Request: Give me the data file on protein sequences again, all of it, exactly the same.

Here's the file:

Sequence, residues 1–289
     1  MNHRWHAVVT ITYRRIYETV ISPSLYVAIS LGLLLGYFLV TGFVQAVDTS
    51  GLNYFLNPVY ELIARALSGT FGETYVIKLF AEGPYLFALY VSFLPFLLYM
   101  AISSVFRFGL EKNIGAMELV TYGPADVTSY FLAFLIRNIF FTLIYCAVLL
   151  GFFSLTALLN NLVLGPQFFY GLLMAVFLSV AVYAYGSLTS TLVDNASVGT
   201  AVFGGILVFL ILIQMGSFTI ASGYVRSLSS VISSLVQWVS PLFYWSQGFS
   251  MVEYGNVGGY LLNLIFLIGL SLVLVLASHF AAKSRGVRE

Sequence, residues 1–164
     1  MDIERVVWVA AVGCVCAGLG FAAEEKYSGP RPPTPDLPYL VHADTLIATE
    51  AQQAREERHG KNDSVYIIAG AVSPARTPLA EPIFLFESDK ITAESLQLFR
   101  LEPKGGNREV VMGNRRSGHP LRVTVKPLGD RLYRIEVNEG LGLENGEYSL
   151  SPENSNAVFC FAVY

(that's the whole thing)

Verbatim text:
Sequence, residues 1–289
     1  MNHRWHAVVT ITYRRIYETV ISPSLYVAIS LGLLLGYFLV TGFVQAVDTS
    51  GLNYFLNPVY ELIARALSGT FGETYVIKLF AEGPYLFALY VSFLPFLLYM
   101  AISSVFRFGL EKNIGAMELV TYGPADVTSY FLAFLIRNIF FTLIYCAVLL
   151  GFFSLTALLN NLVLGPQFFY GLLMAVFLSV AVYAYGSLTS TLVDNASVGT
   201  AVFGGILVFL ILIQMGSFTI ASGYVRSLSS VISSLVQWVS PLFYWSQGFS
   251  MVEYGNVGGY LLNLIFLIGL SLVLVLASHF AAKSRGVRE

Sequence, residues 1–164
     1  MDIERVVWVA AVGCVCAGLG FAAEEKYSGP RPPTPDLPYL VHADTLIATE
    51  AQQAREERHG KNDSVYIIAG AVSPARTPLA EPIFLFESDK ITAESLQLFR
   101  LEPKGGNREV VMGNRRSGHP LRVTVKPLGD RLYRIEVNEG LGLENGEYSL
   151  SPENSNAVFC FAVY